The Role of Social Connection:

A vital attribute that money cannot purchase outright is deep social connections. Good connections with friends and family are crucial to a person’s health and greatly enhance happiness. Money cannot buy true love, friendship, or closeness, but it may make social events and gatherings easier.

In actuality, a fixation with money might occasionally impede the emergence of sincere relationships. The pursuit of financial success has the potential to erode the fundamental basis of pleasure by causing alienation, loneliness, and an obsession with oneself.

Beyond Economics: The Internal Compass:

In the end, pleasure needs to be sought after outside of the economic sphere. To maintain happiness, one must nurture an inner feeling of calm, thankfulness, and purpose. Meditation, mindfulness exercises, and time spent in nature may all help cultivate a more upbeat mindset and a greater appreciation for life’s small pleasures.

Volunteering, artistic endeavors, or giving to a cause bigger than oneself are all examples of embracing a purpose beyond oneself that may greatly improve well-being. Compared to transient material possessions, these intrinsic motivators provide a more reliable source of satisfaction.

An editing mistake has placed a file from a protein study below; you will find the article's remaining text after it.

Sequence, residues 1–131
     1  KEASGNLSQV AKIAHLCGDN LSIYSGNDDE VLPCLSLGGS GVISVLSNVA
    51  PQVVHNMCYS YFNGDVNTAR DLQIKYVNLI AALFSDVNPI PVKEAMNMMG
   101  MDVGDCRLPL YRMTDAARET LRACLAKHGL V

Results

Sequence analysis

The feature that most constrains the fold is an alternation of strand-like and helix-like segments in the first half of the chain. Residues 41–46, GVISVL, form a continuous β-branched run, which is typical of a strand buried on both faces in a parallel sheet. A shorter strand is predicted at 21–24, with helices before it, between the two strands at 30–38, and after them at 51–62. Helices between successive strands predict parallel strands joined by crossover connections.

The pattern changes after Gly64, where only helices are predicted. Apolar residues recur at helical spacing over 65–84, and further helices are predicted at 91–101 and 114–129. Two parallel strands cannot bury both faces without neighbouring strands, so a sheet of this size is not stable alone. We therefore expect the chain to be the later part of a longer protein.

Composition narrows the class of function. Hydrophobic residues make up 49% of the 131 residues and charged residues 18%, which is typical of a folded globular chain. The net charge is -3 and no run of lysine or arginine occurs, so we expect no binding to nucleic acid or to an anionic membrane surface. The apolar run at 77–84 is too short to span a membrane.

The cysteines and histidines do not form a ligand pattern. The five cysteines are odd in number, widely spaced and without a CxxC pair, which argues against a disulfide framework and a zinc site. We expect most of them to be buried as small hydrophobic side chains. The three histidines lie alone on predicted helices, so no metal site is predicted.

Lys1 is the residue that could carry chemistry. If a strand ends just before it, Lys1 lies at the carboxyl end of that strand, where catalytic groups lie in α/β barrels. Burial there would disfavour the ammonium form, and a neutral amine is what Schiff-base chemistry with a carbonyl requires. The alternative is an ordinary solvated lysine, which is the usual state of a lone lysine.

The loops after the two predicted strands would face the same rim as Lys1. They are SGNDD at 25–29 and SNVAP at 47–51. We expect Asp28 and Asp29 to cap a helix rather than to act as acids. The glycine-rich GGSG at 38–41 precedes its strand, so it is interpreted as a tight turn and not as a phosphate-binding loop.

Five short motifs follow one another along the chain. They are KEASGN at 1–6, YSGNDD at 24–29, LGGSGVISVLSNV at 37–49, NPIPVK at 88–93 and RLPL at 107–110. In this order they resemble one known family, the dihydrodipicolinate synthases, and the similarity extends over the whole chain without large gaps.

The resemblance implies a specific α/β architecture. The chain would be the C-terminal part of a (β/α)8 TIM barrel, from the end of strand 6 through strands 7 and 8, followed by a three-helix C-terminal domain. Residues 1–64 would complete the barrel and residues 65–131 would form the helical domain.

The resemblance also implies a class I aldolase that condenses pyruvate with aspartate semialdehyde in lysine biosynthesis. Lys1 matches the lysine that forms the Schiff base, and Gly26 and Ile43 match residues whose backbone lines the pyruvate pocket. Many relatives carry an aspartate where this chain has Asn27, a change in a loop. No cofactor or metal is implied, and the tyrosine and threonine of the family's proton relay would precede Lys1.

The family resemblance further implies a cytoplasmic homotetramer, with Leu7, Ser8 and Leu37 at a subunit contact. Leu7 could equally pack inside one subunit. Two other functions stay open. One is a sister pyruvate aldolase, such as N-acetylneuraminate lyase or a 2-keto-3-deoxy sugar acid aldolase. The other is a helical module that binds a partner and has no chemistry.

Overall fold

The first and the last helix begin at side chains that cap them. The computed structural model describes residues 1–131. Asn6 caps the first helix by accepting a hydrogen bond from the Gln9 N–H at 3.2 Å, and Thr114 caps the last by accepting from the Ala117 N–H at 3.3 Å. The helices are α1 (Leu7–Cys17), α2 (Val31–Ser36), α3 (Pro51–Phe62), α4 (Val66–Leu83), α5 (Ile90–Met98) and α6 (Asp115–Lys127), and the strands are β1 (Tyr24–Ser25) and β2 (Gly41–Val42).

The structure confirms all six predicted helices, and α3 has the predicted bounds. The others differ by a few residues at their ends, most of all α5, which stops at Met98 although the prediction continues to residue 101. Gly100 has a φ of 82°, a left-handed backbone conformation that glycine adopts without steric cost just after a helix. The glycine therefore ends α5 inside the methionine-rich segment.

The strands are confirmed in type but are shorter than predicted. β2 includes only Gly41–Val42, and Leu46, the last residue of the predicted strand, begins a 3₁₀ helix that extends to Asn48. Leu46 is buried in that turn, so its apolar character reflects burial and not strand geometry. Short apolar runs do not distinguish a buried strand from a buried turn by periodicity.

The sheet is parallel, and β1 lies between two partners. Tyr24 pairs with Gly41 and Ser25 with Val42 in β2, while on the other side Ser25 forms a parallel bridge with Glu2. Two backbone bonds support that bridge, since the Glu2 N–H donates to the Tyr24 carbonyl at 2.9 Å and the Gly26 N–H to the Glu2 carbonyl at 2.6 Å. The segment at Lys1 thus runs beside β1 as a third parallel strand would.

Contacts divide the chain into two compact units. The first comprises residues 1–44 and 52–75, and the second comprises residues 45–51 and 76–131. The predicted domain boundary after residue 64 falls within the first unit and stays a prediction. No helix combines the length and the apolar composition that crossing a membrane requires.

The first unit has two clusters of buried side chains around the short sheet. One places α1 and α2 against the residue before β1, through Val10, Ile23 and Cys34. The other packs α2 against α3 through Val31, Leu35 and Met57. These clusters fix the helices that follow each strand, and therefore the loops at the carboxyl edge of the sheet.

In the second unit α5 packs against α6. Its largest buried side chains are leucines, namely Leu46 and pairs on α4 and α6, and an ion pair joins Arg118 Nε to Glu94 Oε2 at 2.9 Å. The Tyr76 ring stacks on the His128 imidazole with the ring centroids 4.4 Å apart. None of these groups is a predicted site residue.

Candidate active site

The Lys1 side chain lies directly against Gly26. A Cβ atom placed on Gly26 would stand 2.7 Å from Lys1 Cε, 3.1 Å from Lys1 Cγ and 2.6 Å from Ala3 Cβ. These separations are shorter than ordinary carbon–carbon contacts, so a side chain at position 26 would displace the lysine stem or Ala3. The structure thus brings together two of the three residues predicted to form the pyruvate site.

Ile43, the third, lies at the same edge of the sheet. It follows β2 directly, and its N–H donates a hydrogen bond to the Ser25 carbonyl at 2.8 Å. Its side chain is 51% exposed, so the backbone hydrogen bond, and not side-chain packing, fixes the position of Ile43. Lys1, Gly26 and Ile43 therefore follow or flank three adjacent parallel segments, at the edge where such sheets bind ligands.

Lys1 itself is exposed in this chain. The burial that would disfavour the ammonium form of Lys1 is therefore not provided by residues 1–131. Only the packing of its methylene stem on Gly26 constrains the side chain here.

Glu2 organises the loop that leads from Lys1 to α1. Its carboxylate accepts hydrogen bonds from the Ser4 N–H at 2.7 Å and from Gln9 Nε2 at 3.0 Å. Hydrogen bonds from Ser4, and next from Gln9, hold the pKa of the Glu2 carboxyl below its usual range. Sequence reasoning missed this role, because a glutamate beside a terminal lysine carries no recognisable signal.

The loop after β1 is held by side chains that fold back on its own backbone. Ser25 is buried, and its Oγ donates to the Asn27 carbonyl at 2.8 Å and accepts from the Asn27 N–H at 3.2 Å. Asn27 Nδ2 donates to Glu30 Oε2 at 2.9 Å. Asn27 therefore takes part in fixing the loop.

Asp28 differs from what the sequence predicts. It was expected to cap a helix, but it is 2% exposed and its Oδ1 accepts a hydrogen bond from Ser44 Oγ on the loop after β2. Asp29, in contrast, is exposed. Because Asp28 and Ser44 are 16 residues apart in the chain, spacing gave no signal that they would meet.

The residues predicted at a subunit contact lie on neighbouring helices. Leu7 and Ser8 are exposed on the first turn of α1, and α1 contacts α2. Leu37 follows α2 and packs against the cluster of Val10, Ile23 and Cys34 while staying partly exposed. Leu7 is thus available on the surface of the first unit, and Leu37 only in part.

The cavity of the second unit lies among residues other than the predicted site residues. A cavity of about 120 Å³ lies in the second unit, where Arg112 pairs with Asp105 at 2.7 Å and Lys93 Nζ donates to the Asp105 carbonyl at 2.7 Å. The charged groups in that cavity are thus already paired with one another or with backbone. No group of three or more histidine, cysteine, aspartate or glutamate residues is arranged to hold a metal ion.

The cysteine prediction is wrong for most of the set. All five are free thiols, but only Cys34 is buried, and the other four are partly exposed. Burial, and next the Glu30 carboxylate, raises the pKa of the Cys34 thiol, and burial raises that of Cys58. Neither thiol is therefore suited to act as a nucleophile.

Policy Implications

Richard Layard (2005) asserts strongly that happiness research has the capability to directly enhance people’s lives through alterations in governmental regulations. He draws attention to the degree to which status influences people’s happiness, leading to a competitive attitude towards job and financial success that ultimately lowers well-being. He also highlights the important benefits of security in the household and at work, as well as the value of trustworthiness and solid interpersonal and social relationships. He points out immediate consequences for labour market and fiscal policy, such as taxing unduly large income increases and reconsidering the benefits of performance-based compensation.